Scottish NHS Confederation chair Caroline Thomson said much work would have to be done to implement the changes but these reflected measures the confederation had been calling for.

'The introduction of unified boards could cause concern that decision-making will be too far removed from patients.

'However, we recognise the potential advantage of having a single NHS body in each area with which patients can readily identify and on which they can have more direct impact, ' she said.

The British Medical Association describes the plan as 'aspirational' and believes the challenge is to turn the 'rhetoric into reality'.

Certainly there is a great deal to be done very quickly - the document is peppered with dates by which targets are expected to be delivered, taskforces formed and documents produced and a surprising number are in the first few months of the new year.

The aim of working in partnership across traditional boundaries is reinforced throughout the plan.

A specific example is the allocation of£70m between 2002-04 to develop integrated children's services.

Hospitals are expected to speed up patient discharge through improved local authority/NHS liaison, and local authorities are called on to develop their role as 'public health organisations'.

The government believes the current configuration of hospital trusts, PCTs and health boards reflects the past and so new unified boards 'will plan for the current and future needs of local populations'.

The 15 boards will form the corporate face of the NHS so that 'all their component parts move to describing themselves uniformly and transparently as in, for example, 'NHS Tayside', 'NHS Glasgow', 'NHS Grampian'.

Existing health improvement plans and trust implementation plans will be replaced by a single health plan based on local health needs. Trust chairs and chief executives will sit on the NHS boards and local authorities will also have a 'strong voice'.

'Anyone who wants to contribute can contact us, ' the plan maintains: 'We will welcome views on how change can be achieved.'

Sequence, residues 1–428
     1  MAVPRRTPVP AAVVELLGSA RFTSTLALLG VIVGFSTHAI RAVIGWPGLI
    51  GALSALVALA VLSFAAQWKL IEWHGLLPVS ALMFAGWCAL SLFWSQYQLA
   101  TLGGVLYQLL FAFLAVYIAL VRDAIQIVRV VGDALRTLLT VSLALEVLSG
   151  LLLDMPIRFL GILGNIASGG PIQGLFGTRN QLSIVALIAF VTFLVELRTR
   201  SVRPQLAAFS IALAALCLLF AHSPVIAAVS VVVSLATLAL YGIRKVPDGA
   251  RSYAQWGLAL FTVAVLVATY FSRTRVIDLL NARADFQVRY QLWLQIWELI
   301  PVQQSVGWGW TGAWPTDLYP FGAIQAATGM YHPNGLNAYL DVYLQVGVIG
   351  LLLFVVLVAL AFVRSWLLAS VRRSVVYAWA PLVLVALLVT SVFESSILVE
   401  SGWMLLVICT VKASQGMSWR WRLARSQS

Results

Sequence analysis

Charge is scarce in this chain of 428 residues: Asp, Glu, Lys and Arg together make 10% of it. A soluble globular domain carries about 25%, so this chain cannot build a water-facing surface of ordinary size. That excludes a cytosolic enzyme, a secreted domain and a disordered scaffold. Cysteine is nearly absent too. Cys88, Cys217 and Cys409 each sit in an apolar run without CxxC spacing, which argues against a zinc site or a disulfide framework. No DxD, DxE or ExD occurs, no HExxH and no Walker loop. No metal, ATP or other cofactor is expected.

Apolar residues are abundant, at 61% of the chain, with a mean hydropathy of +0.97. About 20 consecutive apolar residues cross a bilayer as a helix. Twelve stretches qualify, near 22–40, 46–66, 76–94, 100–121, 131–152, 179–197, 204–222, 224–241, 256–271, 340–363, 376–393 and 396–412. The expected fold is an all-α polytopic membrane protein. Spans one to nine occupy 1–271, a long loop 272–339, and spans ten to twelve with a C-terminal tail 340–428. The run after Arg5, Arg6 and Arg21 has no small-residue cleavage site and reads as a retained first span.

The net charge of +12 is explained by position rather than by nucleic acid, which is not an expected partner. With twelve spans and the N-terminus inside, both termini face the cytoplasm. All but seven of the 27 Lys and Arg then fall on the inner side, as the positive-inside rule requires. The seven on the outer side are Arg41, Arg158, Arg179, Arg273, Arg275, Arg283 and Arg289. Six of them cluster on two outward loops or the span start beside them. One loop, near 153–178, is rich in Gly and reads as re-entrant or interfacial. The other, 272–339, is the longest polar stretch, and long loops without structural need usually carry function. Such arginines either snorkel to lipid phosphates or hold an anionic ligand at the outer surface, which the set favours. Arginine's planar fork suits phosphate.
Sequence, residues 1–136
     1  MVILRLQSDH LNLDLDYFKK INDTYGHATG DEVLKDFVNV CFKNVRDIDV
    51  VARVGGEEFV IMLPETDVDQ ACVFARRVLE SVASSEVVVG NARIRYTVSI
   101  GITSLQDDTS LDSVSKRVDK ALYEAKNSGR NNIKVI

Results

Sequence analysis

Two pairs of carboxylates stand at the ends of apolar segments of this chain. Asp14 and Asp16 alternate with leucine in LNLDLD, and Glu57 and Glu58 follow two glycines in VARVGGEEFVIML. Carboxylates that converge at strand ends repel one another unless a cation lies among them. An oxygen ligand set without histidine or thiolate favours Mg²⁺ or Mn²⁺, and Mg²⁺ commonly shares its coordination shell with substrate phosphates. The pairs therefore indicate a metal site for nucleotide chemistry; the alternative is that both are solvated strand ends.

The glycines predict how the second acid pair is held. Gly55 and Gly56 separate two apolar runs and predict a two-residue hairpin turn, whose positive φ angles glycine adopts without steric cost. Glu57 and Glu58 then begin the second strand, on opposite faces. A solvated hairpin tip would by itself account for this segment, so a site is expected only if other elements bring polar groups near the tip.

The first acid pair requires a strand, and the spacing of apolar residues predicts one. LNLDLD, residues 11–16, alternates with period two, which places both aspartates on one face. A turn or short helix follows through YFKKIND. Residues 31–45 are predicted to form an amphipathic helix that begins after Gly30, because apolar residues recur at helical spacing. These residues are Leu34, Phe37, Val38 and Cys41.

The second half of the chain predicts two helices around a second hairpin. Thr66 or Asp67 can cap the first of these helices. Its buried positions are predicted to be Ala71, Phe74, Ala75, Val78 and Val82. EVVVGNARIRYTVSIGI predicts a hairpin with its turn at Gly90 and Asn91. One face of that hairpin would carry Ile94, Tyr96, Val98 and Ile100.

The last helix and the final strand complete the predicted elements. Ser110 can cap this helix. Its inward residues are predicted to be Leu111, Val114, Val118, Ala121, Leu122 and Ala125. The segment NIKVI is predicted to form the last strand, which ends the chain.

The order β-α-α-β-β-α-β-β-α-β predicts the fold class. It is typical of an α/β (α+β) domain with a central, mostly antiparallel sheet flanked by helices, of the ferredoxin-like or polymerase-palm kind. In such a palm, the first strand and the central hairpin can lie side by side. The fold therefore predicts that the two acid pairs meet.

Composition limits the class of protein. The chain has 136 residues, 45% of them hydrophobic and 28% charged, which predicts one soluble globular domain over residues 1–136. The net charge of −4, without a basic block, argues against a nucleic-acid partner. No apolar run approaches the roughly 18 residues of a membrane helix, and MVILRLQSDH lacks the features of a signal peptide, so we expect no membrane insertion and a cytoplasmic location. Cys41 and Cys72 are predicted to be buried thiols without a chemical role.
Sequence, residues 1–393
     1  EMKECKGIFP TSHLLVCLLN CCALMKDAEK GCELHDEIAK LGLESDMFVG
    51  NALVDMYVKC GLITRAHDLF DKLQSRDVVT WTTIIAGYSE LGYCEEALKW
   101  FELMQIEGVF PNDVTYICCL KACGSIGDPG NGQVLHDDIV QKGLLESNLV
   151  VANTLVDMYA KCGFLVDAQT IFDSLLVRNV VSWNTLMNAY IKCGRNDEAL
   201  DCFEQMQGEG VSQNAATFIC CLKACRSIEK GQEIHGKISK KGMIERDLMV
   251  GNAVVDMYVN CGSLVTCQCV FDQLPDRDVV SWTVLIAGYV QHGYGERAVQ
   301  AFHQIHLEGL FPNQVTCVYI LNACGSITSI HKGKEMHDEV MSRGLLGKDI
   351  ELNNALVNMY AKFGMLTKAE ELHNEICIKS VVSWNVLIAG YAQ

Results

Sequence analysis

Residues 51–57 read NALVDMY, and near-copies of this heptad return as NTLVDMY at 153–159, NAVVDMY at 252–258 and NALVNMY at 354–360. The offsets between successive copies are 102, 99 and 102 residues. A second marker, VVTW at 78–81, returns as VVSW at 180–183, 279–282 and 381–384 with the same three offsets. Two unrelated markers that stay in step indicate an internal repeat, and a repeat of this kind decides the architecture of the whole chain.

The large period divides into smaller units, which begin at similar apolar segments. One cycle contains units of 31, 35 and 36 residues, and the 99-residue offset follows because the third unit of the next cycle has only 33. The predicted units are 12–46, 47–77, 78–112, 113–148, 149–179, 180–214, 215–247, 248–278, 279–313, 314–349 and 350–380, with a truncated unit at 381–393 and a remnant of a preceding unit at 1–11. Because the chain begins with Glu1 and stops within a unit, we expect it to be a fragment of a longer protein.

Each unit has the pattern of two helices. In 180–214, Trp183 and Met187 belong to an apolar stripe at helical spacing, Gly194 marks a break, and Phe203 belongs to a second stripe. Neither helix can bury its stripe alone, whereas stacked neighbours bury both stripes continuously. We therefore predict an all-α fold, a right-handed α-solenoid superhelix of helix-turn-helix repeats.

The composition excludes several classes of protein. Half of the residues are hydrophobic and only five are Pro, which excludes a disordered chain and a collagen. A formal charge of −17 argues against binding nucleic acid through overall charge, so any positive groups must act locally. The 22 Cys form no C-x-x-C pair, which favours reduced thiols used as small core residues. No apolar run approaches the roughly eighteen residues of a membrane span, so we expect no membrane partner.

Though the plan is far from a consultation document, the importance of ensuring the public voice is heard is acknowledged.

The fact that local health councils will be retained north of the border prompted the Association of Community Health Councils in England to call for a rethink on the English plan's abolition.

'If the people of Scotland and Wales will continue to have access to an independent local health watchdog, do not the people of England deserve the same?' asked director Donna Covey.

The NHS complaints system is to be revamped with the message 'It is OK to complain', and a network of health information access points is to be set up nationwide.

There will be a move towards more patient-held records, and, by April 2003, a pilot scheme for patient-held smart cards.

An expert group is to be set up to improve care of older people and ensure a single shared needs assessment is carried out.

Rapid response teams will be formed to support people at home.

Free home care support is pledged for elderly people for up to four weeks after leaving hospital.

By 2002 a commission to regulate care homes and support services will be established.

The Scottish equivalent of NHS Direct, NHS24, is to be rolled out from 2001, costing£36m over three years.

Existing personal medical services pilot schemes are to be made permanent by spring 2001 and more PMS will be encouraged, in parallel with 'streamlining' of the GP contract.

There will be an investment of£4.8m to eradicate mixed wards by April 2002.

Having had the Christmas break to digest the detail of what lies ahead, Scotland's NHS is expected to get stuck in and deliver.